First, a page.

Finance minister Tito Mboweni on Wednesday delivered a supplementary national budget that, he said in the written version of his speech, “saves lives, protects livelihoods and actively builds a bridge to a prosperous future”.
It also channels a lot of extra money to South Africa’s nearly universally dysfunctional municipalities.
Extra money put towards health in the rejigging of the books will amount to R21.544 billion, the accompanying budget review document showed.
Money categorised as “support to municipalities”, meanwhile, totals R20.034 billion, or just about 93% of the health allocation.
R11 billion of that is effectively new money, while R9 billion will be directed to the coronavirus response through the reallocation of conditional grants to municipalities.
Mboweni did not speak to the money allocated for municipal support in his speech, saying only that “municipalities will adjust their budgets to take into account the sharp decline in revenue as a result of the pandemic”.
According to the budget review, major changes in allocations include to the municipal infrastructure grant, to provide water to households, and money to sanitise public transport where municipalities are not already receiving a public transport grant.
“Municipalities are responsible for implementing many aspects of the Covid-19 response,” the document says. “These include providing improved access to water and sanitation in informal settlements and rural areas, providing temporary shelter for homeless people, and sanitising public transport facilities.”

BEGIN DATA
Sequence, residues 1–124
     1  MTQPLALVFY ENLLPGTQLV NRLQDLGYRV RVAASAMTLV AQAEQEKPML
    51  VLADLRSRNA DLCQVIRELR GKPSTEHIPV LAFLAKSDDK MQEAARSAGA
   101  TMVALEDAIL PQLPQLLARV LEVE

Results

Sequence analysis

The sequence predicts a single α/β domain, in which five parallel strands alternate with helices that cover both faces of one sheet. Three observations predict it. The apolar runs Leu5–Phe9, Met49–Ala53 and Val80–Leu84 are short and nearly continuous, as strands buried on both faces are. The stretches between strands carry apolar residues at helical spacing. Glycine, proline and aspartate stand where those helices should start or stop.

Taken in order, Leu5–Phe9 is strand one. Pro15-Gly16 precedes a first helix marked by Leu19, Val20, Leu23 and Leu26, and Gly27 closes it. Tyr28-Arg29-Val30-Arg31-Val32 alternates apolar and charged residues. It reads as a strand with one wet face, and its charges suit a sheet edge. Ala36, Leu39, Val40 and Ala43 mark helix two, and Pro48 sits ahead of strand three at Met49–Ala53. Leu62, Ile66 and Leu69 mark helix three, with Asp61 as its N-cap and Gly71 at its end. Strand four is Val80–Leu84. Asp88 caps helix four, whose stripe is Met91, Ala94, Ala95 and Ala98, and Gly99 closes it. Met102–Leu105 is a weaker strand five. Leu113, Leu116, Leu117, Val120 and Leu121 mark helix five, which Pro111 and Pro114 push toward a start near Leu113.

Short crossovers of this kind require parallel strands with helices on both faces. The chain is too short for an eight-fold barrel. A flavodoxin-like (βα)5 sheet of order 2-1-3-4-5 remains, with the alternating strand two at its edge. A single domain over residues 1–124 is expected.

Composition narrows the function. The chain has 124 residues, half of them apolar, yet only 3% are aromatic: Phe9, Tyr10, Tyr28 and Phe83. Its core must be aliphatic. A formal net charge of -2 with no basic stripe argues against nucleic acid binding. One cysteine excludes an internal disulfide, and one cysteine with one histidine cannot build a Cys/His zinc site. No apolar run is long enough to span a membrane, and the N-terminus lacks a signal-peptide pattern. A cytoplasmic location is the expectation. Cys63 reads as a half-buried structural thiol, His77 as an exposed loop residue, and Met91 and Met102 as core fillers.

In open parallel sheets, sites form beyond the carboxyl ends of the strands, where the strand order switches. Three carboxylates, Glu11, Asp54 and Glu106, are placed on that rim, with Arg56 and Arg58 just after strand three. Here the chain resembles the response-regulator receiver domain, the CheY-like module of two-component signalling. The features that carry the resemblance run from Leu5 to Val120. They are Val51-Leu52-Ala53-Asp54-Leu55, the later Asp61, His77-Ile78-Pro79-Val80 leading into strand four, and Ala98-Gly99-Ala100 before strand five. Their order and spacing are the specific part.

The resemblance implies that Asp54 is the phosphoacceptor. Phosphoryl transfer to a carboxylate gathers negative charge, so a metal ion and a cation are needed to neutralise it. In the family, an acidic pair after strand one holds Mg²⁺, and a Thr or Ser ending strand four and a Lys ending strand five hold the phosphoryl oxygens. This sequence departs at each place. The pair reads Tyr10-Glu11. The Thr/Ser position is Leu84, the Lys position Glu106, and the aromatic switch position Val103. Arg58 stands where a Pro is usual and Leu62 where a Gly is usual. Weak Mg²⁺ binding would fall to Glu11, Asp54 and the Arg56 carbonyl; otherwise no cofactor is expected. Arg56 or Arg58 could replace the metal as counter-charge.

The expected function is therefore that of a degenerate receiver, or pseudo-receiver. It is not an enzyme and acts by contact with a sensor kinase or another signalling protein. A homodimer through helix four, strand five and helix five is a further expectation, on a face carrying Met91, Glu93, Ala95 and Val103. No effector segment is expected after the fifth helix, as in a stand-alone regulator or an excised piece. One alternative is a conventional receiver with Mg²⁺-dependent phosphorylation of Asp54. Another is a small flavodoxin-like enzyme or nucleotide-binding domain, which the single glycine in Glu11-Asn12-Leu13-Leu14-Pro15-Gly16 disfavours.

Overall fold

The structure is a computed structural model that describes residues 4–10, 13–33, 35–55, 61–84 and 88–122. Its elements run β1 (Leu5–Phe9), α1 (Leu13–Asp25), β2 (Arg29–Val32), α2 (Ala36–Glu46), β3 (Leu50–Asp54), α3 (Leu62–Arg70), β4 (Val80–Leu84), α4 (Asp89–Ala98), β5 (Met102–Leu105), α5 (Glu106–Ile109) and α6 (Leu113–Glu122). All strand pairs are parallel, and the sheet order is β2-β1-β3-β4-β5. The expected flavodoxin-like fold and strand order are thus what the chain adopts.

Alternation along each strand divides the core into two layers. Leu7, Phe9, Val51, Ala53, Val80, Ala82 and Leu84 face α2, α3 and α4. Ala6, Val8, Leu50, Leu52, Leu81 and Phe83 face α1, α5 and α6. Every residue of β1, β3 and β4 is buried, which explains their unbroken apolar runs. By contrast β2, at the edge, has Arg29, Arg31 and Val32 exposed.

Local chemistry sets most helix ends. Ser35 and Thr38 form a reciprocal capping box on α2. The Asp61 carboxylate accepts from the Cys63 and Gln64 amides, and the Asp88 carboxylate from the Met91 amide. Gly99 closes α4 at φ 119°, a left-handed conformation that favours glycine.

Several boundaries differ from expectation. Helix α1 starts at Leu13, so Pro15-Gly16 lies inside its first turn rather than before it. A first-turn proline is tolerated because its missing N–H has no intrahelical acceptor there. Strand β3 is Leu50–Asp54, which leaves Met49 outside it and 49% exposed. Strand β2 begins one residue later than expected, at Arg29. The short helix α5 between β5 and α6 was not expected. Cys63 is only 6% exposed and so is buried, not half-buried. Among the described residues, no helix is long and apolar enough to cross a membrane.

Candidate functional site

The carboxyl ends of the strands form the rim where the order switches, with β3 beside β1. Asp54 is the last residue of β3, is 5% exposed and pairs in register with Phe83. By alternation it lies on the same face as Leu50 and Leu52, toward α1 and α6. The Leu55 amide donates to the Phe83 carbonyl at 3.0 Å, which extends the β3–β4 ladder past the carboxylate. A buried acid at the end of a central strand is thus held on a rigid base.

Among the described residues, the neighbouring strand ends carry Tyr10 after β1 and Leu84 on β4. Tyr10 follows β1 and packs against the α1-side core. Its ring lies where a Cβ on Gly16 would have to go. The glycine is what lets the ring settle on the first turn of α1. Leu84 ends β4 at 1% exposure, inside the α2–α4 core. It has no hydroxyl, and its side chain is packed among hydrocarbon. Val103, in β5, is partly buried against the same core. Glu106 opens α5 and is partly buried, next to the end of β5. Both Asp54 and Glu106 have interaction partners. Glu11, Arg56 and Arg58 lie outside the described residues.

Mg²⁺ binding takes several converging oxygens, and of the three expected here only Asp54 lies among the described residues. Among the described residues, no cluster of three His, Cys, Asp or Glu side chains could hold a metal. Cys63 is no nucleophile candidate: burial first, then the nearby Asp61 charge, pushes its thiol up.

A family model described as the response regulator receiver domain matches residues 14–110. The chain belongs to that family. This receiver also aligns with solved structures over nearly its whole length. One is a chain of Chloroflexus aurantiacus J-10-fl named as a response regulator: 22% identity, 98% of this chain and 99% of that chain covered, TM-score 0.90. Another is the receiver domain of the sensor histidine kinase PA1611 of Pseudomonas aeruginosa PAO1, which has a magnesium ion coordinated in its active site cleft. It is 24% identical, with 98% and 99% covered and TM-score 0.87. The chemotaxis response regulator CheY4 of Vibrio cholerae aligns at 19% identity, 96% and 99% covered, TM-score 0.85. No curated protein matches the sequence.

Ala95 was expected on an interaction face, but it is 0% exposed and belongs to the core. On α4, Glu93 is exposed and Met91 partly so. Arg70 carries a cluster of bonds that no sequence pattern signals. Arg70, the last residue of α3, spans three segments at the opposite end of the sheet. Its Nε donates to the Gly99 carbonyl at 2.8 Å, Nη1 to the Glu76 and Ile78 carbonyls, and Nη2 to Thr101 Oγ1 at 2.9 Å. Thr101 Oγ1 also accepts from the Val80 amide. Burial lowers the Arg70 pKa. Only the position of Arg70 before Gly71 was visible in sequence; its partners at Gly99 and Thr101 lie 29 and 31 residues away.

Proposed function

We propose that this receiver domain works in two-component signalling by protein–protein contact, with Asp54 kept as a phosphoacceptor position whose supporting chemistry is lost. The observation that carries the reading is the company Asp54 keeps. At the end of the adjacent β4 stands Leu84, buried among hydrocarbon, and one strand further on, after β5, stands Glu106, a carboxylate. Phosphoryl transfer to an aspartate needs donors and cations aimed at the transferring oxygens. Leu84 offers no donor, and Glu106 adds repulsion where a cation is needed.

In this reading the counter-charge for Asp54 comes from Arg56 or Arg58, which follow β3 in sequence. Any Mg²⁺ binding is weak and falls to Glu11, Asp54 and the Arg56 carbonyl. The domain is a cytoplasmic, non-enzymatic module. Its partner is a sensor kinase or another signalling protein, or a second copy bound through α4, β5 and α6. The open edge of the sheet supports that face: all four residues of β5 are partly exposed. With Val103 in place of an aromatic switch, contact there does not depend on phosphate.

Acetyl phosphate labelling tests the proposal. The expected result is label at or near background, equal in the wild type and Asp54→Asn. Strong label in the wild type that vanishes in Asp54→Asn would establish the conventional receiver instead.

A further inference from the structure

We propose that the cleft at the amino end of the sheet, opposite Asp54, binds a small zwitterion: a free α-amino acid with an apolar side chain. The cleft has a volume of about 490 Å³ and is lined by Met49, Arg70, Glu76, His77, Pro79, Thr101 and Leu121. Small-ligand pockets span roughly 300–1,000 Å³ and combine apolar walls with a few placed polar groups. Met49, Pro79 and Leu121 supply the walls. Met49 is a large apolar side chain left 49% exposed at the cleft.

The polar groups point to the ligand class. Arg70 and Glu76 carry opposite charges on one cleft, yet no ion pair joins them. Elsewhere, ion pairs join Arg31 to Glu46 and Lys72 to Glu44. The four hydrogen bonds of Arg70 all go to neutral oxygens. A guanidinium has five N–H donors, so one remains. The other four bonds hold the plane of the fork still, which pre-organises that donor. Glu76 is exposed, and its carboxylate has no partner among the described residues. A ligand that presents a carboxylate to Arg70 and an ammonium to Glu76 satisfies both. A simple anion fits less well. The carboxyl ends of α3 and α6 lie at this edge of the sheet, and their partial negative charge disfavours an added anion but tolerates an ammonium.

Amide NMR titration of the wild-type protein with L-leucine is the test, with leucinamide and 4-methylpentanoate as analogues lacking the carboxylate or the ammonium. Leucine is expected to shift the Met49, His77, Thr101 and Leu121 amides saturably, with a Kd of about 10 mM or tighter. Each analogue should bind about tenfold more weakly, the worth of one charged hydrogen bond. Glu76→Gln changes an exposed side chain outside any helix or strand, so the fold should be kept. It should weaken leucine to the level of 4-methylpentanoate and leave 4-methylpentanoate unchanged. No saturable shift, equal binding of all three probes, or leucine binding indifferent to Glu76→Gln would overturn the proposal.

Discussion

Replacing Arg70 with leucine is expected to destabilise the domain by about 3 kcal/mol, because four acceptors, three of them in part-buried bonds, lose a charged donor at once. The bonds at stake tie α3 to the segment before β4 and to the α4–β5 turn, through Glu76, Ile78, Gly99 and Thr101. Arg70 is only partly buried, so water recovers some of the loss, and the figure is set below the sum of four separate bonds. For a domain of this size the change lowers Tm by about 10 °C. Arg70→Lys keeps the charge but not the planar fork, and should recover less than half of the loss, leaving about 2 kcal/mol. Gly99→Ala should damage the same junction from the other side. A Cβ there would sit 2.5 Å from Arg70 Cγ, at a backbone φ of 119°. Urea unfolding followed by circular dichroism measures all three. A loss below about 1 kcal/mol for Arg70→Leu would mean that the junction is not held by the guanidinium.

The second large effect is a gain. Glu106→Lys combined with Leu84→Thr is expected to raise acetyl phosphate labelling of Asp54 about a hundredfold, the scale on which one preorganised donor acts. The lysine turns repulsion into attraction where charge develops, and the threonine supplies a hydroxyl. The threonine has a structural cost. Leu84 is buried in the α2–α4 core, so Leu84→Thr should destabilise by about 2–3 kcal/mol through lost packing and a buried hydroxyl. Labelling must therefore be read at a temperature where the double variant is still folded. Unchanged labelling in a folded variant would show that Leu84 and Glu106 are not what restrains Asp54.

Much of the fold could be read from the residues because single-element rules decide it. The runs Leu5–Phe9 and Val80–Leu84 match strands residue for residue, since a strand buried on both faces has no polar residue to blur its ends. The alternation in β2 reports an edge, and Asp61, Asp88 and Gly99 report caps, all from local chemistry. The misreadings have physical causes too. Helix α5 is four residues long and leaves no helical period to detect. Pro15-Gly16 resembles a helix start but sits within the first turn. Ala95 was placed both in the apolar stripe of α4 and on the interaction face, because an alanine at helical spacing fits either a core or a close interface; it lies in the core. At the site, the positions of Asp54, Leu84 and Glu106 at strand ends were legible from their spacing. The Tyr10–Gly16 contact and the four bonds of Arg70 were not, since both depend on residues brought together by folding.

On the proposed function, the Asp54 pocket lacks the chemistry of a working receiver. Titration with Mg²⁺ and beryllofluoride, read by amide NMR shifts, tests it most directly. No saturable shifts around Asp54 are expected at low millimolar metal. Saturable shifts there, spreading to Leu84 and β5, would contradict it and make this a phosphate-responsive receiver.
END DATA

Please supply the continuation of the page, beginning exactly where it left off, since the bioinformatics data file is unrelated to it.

Municipalities will receive money both for additional water and sanitation rollout and to provide free basic services to 1.4 million more people.
Much of the money involved has been allocated to poorer municipalities, according to the budget review.
But there are still many uncertainties in forecasting municipal finances, according to the budget review, such as how long massive decreases in the payment of rates and taxes will last.
“The extent to which municipal bills are paid in the months ahead will depend on the duration of restrictions on economic activity, the pace of recovery, and the application of revenue collection measures,” the budget review says. Many local governments were already in financial distress.”
The state of municipal financial control and reporting is dire – and getting worse.
Just before Mboweni delivered his speech, Parliament heard that just or 8% of SA’s 257 municipalities received clean audits for the 2018/2019 financial year.
During the course of the year R12 billion in unauthorised expenditure was recorded, with R2 billion marked as lost to fruitless and wasteful expenditure.
“We urge communities to hold councils accountable for the spending of Covid-19 funds,” Mboweni said in the written version of his speech. “National Treasury will also monitor the spending through monthly and quarterly reports.”
Municipalities will be required to ring-fence and classify their Covid-19 expenditure correctly, the budget review says.